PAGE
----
How would you like a 15 to 1 return on your investment? Well, that’s what we’re looking at under a plan to rid Lord Howe Island of rats and mice. Island Conservation’s Dr Ray Nias takes a look at the economics.
For just $9 million one of Australia’s most famous and beautiful islands could be rid of invasive rodents, and the return on the investment amounts to $141 million over 30 years. This is extraordinary value, but what do we really get for the money?
In what appears to be a world first, the Lord Howe Island Board calculated the expected impacts over 30 years of removing all invasive rodents on the island by comparing the likely outcomes from two scenarios – the island ecosystem with and without invasive rodents.
The major costs of the ‘without rodents’ scenario are simply the cost of the eradication operation itself – helicopter and ground-based operations as well as a staff of 30-40 people working for several months of the year. The operation will also need to maintain and improve island biosecurity to ensure rodents do not re-invade.
There would be an initial, short-term cost to the tourism industry, but it would be quite small – the operation would take place in the off-season when there are fewer visitors on the island, and the loss would be more than compensated for by the temporary workforce.
The other major economic benefit comes from the prevention of extinctions and the return of species lost from the island. Studies have found that the community is willing to pay up to $8 million to avoid the extinction of species. The additional economic benefits of an increase in abundance of non-threatened species were not costed, but would also add to the overall socio-economic tally.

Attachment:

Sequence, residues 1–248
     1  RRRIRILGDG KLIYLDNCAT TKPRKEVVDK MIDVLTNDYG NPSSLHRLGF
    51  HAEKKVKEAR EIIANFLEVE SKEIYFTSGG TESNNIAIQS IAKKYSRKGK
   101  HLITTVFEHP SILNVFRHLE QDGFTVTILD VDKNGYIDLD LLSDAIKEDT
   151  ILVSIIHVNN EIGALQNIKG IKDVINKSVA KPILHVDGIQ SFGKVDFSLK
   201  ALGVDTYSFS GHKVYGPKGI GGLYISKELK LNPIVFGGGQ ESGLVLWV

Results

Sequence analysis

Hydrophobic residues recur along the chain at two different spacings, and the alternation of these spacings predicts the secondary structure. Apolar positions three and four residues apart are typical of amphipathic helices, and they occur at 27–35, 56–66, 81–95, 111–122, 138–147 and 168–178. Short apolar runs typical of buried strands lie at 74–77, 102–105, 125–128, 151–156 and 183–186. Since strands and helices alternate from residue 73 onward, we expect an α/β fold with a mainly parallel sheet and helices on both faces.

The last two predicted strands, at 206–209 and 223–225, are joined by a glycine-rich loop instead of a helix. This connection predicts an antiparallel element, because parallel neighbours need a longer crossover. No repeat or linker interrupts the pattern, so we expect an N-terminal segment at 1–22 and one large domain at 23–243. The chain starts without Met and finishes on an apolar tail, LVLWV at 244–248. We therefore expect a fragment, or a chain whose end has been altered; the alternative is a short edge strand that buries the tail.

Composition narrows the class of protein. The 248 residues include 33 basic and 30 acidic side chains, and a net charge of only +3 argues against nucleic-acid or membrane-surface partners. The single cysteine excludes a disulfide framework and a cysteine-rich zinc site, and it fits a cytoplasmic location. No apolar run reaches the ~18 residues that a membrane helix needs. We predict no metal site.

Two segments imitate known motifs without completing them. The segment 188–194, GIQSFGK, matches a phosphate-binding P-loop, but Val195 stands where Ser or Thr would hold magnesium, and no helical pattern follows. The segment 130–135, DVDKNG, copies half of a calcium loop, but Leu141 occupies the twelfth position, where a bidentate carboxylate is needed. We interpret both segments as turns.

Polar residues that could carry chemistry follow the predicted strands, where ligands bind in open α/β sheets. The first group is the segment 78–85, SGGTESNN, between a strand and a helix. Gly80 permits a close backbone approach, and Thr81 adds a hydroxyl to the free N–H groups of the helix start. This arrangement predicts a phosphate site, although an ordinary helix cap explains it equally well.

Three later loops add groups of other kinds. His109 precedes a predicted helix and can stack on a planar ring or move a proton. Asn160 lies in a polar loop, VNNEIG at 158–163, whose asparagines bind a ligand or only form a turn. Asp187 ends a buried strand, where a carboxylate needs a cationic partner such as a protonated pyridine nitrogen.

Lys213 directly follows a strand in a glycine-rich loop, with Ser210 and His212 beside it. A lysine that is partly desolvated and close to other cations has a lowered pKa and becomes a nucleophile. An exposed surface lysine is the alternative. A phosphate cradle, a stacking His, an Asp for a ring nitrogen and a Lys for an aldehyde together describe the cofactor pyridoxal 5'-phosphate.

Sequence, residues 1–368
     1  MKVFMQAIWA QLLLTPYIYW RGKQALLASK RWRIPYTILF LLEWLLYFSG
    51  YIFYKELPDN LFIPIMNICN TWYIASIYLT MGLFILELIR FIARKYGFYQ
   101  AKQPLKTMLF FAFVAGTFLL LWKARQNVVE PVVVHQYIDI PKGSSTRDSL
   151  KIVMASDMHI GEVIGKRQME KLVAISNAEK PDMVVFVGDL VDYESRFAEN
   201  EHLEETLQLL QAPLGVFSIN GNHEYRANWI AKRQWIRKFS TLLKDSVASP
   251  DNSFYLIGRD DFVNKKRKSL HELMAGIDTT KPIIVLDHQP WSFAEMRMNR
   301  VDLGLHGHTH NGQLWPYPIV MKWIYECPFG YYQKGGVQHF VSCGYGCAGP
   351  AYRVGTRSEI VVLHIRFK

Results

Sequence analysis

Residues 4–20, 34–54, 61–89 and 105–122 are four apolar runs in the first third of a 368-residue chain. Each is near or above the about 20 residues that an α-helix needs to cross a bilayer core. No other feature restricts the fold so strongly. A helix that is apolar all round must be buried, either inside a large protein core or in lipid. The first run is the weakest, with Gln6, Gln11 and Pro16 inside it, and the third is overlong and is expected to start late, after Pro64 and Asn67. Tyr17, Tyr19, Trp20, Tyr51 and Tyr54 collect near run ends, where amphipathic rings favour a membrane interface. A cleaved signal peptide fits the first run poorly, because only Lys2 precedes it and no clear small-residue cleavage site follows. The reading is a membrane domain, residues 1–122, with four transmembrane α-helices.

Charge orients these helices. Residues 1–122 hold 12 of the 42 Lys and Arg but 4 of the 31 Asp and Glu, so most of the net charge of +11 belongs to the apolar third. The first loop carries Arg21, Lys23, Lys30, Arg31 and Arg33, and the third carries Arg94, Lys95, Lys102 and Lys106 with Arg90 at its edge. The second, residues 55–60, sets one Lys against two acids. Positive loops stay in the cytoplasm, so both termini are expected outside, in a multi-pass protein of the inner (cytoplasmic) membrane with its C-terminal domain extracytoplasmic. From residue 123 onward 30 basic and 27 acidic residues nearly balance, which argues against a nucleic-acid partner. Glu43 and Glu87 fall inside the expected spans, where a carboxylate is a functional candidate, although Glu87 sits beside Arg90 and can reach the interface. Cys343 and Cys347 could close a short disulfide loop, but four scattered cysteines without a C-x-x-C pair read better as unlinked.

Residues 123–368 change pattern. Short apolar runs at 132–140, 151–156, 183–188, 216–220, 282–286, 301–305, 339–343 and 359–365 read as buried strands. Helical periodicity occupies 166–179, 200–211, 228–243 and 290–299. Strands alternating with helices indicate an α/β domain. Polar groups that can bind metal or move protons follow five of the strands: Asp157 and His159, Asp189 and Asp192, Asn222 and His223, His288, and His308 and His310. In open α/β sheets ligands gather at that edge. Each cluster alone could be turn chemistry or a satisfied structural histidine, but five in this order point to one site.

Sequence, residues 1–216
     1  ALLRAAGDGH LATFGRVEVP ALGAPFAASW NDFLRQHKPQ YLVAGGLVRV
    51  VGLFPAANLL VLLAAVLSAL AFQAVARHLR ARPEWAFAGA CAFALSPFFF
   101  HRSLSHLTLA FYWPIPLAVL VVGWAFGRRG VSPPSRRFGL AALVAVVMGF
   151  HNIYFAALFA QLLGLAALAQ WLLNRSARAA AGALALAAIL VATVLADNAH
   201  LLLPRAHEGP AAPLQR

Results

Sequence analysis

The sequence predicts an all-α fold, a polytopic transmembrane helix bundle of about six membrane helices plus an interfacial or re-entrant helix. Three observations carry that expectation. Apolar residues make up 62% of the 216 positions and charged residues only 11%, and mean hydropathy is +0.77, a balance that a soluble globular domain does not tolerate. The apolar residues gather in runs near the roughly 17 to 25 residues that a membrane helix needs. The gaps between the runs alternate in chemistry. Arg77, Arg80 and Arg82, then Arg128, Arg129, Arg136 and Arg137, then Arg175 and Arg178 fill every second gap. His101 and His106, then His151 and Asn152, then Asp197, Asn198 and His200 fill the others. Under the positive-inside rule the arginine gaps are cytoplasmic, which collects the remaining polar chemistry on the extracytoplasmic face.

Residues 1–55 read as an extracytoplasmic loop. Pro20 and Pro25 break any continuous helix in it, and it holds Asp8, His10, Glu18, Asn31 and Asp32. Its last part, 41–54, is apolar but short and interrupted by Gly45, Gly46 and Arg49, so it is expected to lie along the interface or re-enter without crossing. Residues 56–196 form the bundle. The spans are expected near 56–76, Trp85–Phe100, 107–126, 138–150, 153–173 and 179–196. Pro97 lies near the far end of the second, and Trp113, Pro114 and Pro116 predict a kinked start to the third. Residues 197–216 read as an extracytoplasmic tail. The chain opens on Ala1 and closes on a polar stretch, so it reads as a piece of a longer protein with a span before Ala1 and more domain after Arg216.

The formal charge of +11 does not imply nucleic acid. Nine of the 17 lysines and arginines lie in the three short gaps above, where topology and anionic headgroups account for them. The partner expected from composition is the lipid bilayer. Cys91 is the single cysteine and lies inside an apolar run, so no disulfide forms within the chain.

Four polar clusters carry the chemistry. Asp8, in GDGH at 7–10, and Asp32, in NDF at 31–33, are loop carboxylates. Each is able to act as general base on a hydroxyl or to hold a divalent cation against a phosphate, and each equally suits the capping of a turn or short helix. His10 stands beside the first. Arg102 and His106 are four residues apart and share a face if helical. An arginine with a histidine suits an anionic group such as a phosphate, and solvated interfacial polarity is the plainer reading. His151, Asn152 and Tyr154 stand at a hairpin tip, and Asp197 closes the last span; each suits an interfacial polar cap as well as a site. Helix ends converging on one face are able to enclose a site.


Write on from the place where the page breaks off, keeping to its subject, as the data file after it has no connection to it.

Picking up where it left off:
The benefits of removing invasive rodents from a World Heritage-listed island are well known and documented. Among other things it’s expected to avoid seven extinctions over the next 20 years and four species, including the Kermadec petrel and white-bellied storm petrel, could be returned to the island after having been lost due to predation by rats and mice.
A unique and endangered palm-forest ecosystem would be restored to health and other World Heritage values maintained.
The tourism industry would be another big winner. It is estimated that without rodents, and with more abundant wildlife, the prestige of Lord Howe Island as a nature-based tourism destination would increase and so too would the price tourism operators can charge.
Importantly for many people on the island the economic benefits from improved production of Kentia Palm seeds (a popular ornamental palm sold around the world) and local fruit and vegetables, largely completes the picture.
I fell in love with Lord Howe Island as a graduate student surveying its endangered woodhens. I have been following the proposed removal of invasive rodents from the island now for more than 16 years. I have never had any doubt about the ecological benefits of restoring the rodent-free status of Lord Howe Island. It is great to see that the economic analysis agrees with me.